May 14, 2014

10 things to look for when hiring new staff


Further to our review of the best things to look out for when hiring new team members, we came across an article citing 10 things you shouldn’t look past.

Here at The Recruitment Alternative we debated the 6th point ‘Don’t trust your first instincts’ as typically we’d argue you should, as a lot can be gauged from a candidate in the interview, especially in terms of rapport, confidence and such like, but in the context of how they explain this point and the importance of reference checks, it is a valuable point of view. It is also worth remembering that some candidates just get really nervous in interviews but are great in an actual working situations.

The article’s 10 points are as follows:

1. Make your job advertisement and position description clear. 
Leave no room for misunderstandings so you can strike any candidates off the shortlist immediately and save yourself the hassle. Set yourself a list of ‘must-haves’ and stick to it.

2. Be thorough in checking references. 
Applicants will most often provide you with their best references so you probably won’t hear anything bad. Often there is more meaning behind what is not said or how something is said so be alert to warning signs.

3. Ask behavioural based questions when interviewing. 
Provide candidates examples of situations and ask how they would respond. This will provide you with an idea of how they would deal with different situations. Make sure you give them time to think. Take the opportunity to discover more about the candidate by asking what their greatest weakness is – we all have some. 

4. Be aware of how candidates phrase their statements. 
Be wary of candidates that use absolute terms such as ‘always’, ‘must’ and ‘should’ as it may reflect self-importance. A much more relative term is ‘sometimes’ as it reflects a more flexible approach. However, it is also important to be able to distinguish between self-importance and confidence.

5. Look for candidates that have goals relating to skill and career development. 
Avoid candidates that are more concerned with goals relating to status, power and accomplishments as they will most likely be less receptive to learning. These types of candidates are also more likely to move on more quickly on their quest for status and power.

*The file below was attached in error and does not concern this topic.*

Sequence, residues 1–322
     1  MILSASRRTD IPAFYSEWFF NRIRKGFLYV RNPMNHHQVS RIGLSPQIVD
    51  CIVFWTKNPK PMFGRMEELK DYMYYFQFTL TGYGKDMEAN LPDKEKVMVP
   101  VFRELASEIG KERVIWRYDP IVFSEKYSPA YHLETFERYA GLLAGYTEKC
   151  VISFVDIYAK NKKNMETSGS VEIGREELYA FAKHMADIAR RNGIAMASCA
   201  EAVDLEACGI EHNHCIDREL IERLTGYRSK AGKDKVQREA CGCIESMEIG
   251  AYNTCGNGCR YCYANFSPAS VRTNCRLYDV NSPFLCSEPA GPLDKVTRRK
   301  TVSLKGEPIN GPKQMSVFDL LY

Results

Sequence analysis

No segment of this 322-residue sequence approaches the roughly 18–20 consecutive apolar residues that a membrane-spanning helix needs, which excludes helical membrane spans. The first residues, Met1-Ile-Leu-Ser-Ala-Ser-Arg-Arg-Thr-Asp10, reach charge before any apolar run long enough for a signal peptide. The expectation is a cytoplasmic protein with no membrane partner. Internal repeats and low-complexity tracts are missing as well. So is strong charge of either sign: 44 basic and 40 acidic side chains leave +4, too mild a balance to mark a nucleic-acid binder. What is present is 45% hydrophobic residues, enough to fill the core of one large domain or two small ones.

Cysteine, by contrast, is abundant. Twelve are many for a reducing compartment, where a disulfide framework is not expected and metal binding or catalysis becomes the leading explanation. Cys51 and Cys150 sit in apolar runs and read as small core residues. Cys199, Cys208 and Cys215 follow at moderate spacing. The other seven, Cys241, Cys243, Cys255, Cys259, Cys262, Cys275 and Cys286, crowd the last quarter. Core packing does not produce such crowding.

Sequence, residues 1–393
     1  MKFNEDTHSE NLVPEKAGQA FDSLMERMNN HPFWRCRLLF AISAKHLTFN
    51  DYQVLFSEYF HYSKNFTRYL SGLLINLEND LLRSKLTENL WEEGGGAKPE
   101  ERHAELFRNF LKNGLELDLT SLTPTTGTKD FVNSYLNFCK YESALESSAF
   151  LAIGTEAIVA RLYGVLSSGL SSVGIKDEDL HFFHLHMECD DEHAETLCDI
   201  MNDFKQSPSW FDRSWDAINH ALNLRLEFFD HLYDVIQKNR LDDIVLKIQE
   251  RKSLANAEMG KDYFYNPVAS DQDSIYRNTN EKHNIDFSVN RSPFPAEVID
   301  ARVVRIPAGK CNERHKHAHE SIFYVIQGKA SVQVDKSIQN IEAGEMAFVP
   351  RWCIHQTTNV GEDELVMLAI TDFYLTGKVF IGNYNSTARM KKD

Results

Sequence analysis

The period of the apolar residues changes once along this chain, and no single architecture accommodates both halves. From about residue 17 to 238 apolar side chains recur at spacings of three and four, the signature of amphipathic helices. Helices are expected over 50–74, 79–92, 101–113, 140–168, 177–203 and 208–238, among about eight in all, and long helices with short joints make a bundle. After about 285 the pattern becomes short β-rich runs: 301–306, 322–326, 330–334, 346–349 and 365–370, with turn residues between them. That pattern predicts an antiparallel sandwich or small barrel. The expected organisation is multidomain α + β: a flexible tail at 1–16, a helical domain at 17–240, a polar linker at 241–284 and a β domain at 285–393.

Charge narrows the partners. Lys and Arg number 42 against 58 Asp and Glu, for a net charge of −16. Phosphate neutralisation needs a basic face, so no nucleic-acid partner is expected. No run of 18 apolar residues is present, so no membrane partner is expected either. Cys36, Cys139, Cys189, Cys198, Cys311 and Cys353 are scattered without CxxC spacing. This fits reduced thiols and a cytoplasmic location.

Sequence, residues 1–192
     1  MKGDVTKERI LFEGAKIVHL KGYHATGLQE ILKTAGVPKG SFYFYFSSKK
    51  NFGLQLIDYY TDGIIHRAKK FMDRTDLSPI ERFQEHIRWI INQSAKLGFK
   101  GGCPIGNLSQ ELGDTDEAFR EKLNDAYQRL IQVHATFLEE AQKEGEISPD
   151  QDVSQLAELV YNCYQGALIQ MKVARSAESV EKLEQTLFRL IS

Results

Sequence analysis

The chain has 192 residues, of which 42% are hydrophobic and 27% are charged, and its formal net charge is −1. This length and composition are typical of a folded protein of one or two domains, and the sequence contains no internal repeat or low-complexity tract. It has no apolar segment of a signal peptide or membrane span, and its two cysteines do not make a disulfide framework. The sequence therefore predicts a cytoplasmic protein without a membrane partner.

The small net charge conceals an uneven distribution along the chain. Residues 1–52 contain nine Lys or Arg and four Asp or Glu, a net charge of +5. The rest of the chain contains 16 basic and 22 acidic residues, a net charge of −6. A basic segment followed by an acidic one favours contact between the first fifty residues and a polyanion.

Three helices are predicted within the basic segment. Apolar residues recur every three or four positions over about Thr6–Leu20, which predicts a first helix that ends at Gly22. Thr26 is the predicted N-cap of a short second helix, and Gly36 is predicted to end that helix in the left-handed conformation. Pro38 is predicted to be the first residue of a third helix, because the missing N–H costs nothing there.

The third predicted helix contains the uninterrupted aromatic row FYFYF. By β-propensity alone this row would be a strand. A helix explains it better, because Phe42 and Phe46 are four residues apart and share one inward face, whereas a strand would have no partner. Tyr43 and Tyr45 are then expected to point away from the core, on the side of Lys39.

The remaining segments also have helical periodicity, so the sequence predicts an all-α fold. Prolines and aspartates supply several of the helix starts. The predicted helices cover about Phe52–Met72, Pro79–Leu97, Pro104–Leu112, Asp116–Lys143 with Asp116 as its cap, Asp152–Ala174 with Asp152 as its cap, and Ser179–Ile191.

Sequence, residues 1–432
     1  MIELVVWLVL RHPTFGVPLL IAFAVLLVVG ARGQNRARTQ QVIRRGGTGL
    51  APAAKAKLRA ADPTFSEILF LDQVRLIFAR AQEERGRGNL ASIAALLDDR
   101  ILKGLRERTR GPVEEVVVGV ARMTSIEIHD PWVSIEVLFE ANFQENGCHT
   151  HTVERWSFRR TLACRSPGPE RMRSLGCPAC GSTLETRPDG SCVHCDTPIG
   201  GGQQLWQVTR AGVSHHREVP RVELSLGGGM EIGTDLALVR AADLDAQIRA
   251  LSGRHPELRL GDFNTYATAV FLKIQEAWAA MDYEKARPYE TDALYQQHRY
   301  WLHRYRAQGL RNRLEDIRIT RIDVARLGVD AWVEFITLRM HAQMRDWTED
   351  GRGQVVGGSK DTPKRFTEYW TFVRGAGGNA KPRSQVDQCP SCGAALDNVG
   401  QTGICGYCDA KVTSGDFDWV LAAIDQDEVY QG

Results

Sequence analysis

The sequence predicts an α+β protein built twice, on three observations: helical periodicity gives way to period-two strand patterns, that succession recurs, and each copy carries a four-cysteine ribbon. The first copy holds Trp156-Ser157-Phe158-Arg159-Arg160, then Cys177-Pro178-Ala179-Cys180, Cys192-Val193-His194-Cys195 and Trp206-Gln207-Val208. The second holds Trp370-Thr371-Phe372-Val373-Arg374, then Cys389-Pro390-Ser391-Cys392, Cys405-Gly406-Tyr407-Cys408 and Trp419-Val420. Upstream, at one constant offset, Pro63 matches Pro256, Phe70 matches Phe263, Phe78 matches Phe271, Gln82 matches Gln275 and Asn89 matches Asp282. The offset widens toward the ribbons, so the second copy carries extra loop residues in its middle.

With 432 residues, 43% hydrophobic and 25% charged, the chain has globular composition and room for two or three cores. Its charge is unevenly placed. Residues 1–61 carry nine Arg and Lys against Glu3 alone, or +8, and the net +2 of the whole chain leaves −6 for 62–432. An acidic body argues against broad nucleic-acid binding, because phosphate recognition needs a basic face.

6. When it comes to hiring employees don’t trust your first instincts. 
A very charismatic candidate may seem initially appealing for the role. Do not make a decision based on the first five or 10 minutes of an interview or let it cloud your judgement. Be sure to complete the interview and your reference checks as you would any other applicant.

7. Take your time. There is no reason to rush through an interview because you don’t like the responses you’ve had from the first few questions. Nerves play a big role in a job interview so you must let the interview progress naturally to allow the candidate’s personality to come through. 

8. Look outside the box. 
Take some time and do some research to find people who have previously worked with the candidate to get the inside story. If these people no longer have a relationship with the candidate, they have nothing to lose in giving it to you straight so you could uncover some information the supplied references won’t reveal.

9. Take note of any resume gaps and ask why they are there. 
A resume gap may spell trouble with a previous employer which the candidate didn’t want to include. However, while a resume gap will pose questions there can be many possible explanations (babies, travel, illness, etc) so be prepared to find out why.

10. A candidate who badmouths previous employers or workmates is one to watch. 
While it may not affect your business while the candidate is employed by you, if they move on they may damage your reputation in future interviews.

All valuable things to bear in mind as you look to recruit staff.

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